a leap year girl proposes to him that
she can make blm believe he did it
TO COtE A COI.D IN ONE DAT
Take 1.AXAT1VH HKOMO Qulmne Tatilrtt.
liruMglstttreluna money II It Tails I,' caro. fc. S
.U STp l
bigDsturs (sea each box. -v
Poverty does not destroy virtue, nor
does wealth bestow it. Yrlarte.
ra. Wrnslow's Soothing Syrup for Children
teething, softens the gums, reduces laflsmms.
uou, aaiays pain, cures wind colic, 26c a botUe.
Regret for the mistakes ot our
youth doesn't always prevent us from
making them in old old age.
For constipation use a natural remedy.
Garfield Tea is composed of carefully select
ed herbs only. At all drugstores.
1 Avoid the race course If you would
keep on the right track.
"IWIOVlKt." Madt t
OR THREE Oft POUR.
Green I wouldn't marry a widow.
They are always looking after num
Wise I differ with you. I think
they are usually looking after number
"Henry," remarked Mrs. Henry
Peck, "we are going to have some
company this evening, r.nd I do wlsb
you would brighten up and look less
like an honorary pallbearer. Say
The company came, and with a few
preliminary coughs and winks, wtilrti
were Intended to announce to his wile
that the witticism was about to be
perpetrated. Henry said timidly:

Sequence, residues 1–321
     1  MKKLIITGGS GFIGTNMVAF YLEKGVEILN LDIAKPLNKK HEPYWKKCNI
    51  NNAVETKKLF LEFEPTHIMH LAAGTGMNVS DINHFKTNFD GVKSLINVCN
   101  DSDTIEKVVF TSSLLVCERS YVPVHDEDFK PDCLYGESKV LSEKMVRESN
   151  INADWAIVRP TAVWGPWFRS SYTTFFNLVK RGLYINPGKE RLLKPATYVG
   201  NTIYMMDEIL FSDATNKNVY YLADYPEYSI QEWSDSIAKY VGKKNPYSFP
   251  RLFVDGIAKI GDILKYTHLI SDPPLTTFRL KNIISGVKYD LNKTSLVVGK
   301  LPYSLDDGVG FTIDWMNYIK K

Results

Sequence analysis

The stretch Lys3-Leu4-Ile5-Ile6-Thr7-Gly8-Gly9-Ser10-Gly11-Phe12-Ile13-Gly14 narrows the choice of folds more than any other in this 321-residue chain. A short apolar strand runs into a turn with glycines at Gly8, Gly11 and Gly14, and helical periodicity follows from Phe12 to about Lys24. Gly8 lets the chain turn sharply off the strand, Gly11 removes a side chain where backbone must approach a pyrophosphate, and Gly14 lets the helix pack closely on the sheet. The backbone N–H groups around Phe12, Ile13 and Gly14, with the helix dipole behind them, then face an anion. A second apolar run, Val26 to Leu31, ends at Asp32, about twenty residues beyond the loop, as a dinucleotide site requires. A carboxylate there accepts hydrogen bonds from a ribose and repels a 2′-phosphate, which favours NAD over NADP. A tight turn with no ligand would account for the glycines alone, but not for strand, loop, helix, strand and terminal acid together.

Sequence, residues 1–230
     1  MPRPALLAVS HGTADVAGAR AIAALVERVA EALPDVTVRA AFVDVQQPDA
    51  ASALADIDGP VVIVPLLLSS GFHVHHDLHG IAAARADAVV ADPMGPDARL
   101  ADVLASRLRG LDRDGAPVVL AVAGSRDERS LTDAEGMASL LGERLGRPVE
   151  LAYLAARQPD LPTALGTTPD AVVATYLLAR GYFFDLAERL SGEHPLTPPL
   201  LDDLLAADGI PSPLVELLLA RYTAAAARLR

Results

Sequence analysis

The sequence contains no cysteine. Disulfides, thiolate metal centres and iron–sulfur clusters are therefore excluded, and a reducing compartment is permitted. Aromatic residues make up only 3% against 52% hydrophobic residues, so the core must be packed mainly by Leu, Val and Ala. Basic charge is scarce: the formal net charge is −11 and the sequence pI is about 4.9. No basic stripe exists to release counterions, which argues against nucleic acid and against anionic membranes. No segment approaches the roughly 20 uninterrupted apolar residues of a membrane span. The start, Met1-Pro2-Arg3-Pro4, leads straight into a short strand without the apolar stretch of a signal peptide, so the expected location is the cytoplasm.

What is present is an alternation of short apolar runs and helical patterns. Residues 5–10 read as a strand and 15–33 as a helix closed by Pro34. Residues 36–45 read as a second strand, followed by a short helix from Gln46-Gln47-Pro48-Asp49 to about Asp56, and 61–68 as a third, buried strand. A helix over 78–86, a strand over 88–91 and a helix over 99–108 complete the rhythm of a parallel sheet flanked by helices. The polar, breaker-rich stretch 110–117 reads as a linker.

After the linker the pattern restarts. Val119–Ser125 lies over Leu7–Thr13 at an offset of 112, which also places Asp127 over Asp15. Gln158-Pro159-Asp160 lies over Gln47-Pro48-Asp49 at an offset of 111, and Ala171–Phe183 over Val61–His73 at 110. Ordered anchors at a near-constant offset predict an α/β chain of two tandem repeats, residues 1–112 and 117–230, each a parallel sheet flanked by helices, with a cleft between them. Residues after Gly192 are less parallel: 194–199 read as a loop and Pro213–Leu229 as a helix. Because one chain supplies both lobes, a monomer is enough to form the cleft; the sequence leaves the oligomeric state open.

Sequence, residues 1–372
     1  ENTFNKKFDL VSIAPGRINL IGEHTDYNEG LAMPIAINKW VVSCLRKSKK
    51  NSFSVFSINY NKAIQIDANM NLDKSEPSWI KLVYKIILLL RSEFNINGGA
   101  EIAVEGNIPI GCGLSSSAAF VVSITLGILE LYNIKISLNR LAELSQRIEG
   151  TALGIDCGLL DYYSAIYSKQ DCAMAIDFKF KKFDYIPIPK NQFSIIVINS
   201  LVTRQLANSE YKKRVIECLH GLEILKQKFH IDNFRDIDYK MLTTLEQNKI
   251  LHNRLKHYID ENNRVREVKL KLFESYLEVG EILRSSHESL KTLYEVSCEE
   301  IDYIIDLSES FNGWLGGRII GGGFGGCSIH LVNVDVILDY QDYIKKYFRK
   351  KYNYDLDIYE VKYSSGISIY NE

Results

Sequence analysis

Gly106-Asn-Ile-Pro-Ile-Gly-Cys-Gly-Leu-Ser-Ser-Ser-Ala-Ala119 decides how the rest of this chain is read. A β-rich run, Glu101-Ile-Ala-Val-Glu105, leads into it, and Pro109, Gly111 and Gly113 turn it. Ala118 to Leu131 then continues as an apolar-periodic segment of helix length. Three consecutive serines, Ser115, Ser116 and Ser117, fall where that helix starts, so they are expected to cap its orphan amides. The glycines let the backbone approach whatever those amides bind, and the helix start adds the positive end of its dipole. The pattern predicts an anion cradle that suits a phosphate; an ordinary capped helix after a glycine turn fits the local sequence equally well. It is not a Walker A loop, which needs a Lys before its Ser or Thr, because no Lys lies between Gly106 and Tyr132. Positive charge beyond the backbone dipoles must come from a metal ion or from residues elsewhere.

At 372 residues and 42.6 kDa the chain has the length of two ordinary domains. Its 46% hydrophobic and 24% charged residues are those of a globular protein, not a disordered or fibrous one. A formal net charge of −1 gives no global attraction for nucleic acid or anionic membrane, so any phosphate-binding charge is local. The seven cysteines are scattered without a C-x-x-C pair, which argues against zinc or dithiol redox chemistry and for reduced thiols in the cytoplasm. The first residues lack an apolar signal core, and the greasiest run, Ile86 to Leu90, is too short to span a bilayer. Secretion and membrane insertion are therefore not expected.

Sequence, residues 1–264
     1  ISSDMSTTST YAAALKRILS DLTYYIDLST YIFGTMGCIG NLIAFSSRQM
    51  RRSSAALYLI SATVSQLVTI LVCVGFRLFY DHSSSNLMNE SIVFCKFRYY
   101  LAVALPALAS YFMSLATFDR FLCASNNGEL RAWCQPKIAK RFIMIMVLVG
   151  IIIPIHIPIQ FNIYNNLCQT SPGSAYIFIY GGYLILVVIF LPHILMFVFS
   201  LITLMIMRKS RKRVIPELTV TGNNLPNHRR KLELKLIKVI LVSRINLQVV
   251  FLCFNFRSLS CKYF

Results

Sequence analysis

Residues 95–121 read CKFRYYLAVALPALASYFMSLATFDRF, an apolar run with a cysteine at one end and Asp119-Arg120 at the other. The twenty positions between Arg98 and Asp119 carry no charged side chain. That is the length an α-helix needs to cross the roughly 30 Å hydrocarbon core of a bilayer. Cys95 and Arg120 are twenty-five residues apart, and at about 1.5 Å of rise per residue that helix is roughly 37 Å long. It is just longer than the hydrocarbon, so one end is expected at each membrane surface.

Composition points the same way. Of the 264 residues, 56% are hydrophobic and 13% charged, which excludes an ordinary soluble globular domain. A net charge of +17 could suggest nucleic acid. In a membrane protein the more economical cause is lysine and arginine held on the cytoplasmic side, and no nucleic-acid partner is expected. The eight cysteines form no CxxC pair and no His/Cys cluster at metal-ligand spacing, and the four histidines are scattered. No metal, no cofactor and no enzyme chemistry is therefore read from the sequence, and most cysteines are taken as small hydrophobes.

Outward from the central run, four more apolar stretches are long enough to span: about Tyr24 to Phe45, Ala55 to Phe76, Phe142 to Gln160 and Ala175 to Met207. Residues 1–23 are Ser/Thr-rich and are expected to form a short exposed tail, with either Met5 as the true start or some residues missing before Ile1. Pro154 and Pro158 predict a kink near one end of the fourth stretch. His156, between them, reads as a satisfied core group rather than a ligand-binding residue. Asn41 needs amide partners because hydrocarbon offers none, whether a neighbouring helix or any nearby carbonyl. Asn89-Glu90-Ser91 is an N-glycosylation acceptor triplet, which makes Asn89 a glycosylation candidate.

"Yes. dear, what is It?" asked Mrs.
"Have you got all of your hair on
this evening?'' Boston Globe.
They were taking tne visitor from
up-state around Manhattan, showing
him the sights. The big automobile
rolled jjasr many wondenul buildings,
all of Which the host pointed out with
some feelings ot civic pride. At last
they chanced to pass by the Municipal
"What's that place?" flaked the
"Oh. that's one of New York s home
for cripples." was the reply.
' What kind of cripples.'' was asked
"Financial," was the reply, as the
car sped on. New York Herald.
A woman who wants alimony says
ber face powder coits ber 4O0 a year
We shudder to think what he must
Epecd for tooth paste.
Ther Is one thing cert ran. The
hus' with a wite like that should
dea directly nlth the factorial and
cut out the middleman,
Important to Mother
Examine carefully every bottle of
CASTOP.IA, a safe and sure remedy for
infants and children, and see that it
In t'se For Over 30 ears.
Children Cry for Fletcher9! Caitori
Also With Gloves.
Assistant Kdltor Here's a farmer
writes to us asking bow tc treat tick
Kditor Tell him he'd tetter treat
them with respect.